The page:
Consumer online question and answer service Ask Jeeves will seek partnerships, but not acquisitions, to help it penetrate the European and Asian markets next year.
The company plans to translate its plain English question and answer service into other languages and tailor it for other countries. Ask Jeeves' chief executive, Rob Wrubel, said it was unlikely to acquire companies to bolster its foreign language knowledge base.
Earlier this year, Ask Jeeves customised its interactive natural language query technology specifically for companies, enabling them to load the database with information about their products.
It is now also developing the Ask Jeeves Answer Network service to pool information from different companies. For example, if a Dell customer asks a question that is really aimed at Microsoft, Dell can pull the answer from the software giant's database rather than referring its customer to Microsoft's home page.
Bellsouth, Compaq, eTrade, Toshiba, Hewlett Packard, American Express and Mypoints.com have said they plan to use the service, while Dell Computer already uses it, under the name Ask Dudley, on its Web support site.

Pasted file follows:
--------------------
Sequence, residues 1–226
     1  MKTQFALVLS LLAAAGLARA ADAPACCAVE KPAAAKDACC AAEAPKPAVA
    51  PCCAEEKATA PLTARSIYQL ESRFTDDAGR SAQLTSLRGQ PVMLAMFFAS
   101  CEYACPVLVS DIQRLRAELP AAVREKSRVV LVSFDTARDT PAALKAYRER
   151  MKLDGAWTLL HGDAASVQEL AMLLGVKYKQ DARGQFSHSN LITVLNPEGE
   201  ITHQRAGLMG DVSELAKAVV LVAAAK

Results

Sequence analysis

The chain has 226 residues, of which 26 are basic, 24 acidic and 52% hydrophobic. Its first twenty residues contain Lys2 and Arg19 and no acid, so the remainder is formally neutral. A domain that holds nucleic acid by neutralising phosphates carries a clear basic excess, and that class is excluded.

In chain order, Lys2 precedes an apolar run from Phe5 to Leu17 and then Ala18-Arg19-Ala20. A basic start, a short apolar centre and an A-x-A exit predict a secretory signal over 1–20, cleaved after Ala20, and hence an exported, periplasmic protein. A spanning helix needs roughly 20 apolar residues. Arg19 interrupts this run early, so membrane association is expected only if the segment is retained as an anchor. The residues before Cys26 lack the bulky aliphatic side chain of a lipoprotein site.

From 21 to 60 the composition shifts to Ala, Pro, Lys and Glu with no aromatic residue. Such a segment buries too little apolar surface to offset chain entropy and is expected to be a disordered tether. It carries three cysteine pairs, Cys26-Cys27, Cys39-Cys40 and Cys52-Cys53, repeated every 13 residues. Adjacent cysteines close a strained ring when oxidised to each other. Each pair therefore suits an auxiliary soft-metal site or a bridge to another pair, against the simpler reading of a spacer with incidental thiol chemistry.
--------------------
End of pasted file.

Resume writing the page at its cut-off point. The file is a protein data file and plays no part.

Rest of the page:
Ask Jeeves follows the 80/20 rule, aiming to answer the 20 per cent of questions that most people ask 80 per cent of the time. As a result, it claims that, while it may not be able to handle as many questions as traditional search engines, it can answer them with greater precision.
The firm uses a proprietary natural language parsing process linked to a custom database of "question templates" and "answer links." The parsing software enables Ask Jeeves to understand the question's meaning by identifying the different parts of each question. It then determines how each word is used within the sentence.
Geoffrey Bock, an analyst for the Patricia Seybold Group, said: "The company is trying to solve specific user problems on the Web by making the search for information more active and more intuitive."
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